In case you missed it or were distracted by, say, the D.C. earthquake, the video of yesterday's thought-provoking ?When Reform Touches Teachers? discussion between American Federation of Teachers President Randi Weingarten and the American Enterprise Institute's Rick Hess is up on our website. ?Fordham's Mike Petrilli moderated the discussion and posed some tough questions about whether reformers and educators could find common ground.? A peek at some of the lively conversation about teacher compensation, evaluation, and collective bargaining, and you watch the whole conversation or check out some of the highlights below.
How teachers are perceived and the negative tone in some education debates was a point of contention.
Weingarten: New poll says teachers are respected more than ever, but 2/3 of reporting on education is negative.
Hess:? Republican governors are making measured cases for reform and are threatened or compared to tyrants.
Weingarten:? ?Educators have a right of freedom of speech, but we have a responsibility as to how we use it.?? Both sides of the debate are guilty of ?demagoguery.?
Both speakers reflected on the value of disagreement, but came to
With Gov. Rick Perry officially stepping into the GOP presidential-candidate pool over the weekend, we thought this piece?written on June 15, 2011 for the National Review Online?timely once again.
Deep in the heart of Texas is where some education-policy lessons might best stay.
But they tend not to. Rick Perry's seemingly imminent entry into the 2012 GOP race suggests that, for the second time in less than a dozen years, we could very well see an ardent effort by a Texas governor to make the federal role in education conform to his own preconceptions and to lessons drawn from his experience in Austin.
That's what happened in 2001 when Governor George W. Bush carried with him from Texas the essential elements of policy and practice that (after much fiddling by Congress) became the No Child Left Behind Act.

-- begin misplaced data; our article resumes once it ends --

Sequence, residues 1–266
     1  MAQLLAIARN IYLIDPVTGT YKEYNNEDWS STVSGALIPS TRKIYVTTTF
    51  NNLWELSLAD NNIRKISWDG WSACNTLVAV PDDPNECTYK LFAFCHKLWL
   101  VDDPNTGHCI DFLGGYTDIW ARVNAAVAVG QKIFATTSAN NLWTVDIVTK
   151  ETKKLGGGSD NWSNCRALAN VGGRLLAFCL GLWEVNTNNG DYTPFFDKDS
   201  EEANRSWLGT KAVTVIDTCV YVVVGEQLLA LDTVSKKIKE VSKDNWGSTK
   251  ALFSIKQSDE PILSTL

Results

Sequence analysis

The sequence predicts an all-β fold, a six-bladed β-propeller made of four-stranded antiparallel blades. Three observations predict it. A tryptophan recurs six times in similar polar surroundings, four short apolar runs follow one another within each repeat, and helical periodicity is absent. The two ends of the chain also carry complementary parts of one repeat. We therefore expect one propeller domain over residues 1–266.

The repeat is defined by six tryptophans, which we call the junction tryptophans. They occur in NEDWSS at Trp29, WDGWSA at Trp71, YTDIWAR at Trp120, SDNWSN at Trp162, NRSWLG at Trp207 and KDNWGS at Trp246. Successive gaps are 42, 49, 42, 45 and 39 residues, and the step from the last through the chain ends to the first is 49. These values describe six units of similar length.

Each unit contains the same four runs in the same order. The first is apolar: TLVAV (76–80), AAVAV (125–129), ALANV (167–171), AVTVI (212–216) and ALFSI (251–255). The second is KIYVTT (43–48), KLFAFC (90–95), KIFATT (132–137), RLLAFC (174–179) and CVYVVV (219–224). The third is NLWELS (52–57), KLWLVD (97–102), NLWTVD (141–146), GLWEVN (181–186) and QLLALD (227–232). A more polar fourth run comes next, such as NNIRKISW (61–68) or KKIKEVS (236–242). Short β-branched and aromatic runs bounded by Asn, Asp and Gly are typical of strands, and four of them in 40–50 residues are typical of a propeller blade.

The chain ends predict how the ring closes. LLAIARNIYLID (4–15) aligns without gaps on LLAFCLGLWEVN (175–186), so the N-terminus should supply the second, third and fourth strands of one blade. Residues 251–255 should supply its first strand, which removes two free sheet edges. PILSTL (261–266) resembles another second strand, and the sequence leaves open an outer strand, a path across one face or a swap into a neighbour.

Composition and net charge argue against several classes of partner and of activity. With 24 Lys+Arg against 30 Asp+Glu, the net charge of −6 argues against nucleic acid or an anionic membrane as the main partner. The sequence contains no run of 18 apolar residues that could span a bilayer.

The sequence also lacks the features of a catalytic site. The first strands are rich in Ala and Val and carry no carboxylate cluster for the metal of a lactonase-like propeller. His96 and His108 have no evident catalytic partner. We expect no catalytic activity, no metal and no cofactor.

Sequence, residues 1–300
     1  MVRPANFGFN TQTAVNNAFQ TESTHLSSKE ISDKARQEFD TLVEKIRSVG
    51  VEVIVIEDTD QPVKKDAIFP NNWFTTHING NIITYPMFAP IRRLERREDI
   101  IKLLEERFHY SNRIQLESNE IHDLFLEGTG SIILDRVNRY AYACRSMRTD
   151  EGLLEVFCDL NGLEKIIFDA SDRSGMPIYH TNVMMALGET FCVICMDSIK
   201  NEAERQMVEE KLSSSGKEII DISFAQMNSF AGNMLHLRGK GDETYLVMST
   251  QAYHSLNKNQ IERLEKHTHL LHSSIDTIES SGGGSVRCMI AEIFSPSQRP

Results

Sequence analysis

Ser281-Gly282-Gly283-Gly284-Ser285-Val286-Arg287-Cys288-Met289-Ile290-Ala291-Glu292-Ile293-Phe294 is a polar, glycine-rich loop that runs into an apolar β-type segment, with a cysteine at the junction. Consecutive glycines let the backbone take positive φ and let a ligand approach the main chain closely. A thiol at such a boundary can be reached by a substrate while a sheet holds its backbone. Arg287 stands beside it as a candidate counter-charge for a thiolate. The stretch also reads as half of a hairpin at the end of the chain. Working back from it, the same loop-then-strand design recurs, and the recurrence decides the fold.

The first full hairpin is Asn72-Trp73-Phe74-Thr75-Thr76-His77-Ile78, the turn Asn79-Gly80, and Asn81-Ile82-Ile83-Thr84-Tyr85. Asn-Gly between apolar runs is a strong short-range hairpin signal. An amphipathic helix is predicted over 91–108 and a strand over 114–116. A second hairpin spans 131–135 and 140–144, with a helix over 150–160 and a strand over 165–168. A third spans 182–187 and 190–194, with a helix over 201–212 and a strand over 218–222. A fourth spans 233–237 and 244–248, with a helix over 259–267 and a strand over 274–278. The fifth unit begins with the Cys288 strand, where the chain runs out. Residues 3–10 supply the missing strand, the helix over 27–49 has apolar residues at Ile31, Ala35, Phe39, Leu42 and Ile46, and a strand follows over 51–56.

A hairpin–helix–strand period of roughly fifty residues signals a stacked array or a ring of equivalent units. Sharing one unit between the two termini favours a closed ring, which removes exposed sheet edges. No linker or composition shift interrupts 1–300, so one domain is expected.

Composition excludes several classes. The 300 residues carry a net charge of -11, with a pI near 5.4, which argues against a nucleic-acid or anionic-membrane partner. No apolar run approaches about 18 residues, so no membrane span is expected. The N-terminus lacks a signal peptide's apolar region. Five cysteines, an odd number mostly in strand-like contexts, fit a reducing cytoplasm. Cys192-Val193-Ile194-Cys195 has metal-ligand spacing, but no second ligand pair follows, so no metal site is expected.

And that's what could happen again in 2013 should Perry win the Oval Office and endeavor there to magnify and replay the conclusions he has reached about education during his dozen years running the Lone Star State.
Besides (and partly due to) its enormity, Texas is a proud, sometimes arrogant, and seriously self-absorbed place. One need only stand under the immense dome of the state capitol?taller than the one in Washington?and gaze at the six flags depicted in the terrazzo floor. All have
Arnius Duncanus is at it again. Unmoved by pleas that he "first do no harm" when it comes to promising reforms like the Common Core State Standards Initiative, he seems compelled to attach mandates to his forthcoming NCLB waivers that will require adoption of the Common Core standards.
No, his team won't mention the Common Core, but everybody knows that's what he's talking about when he calls for "college and career-ready standards."
Duncan says that he doesn't want to be tone-deaf to state officials' concerns about No Child Left Behind. Fair enough. But why be so tone-deaf to the politics around all of this?
I once heard Arne talking about winning gracefully. That's what's called for now. Forty-five states have adopted the Common Core. Most are deeply engaged in developing assessments related to the standards. During the past legislative session, no state backed out. In other words, proponents of the Common Core have won a great victory. The only possible outcome of Secretary Duncan putting more federal pressure on the states to adopt the Common Core is stoke the fires of conservative backlash--and to lose many of the states that have already signed on.
Walk away from this one, Mr. Secretary. Please, those of us who support the Common Core are begging you.
"Maybe the progress is mostly due to societal trends such as the end of the crack cocaine epidemic or benefits from a strong 1990s economy - both of which would have made home environments of our neediest children much more hospitable. Perhaps the big increase in education spending over this time period deserves credit, or the major reduction in class sizes."
About the Editor
Michael J. Petrilli
Executive Vice President
Mike Petrilli is one of the nation's foremost education analysts. As executive vice president of the Thomas B. Fordham Institute, he oversees the organization's research projects and publications and contributes to the Flypaper blog and weekly Education Gadfly newsletter.
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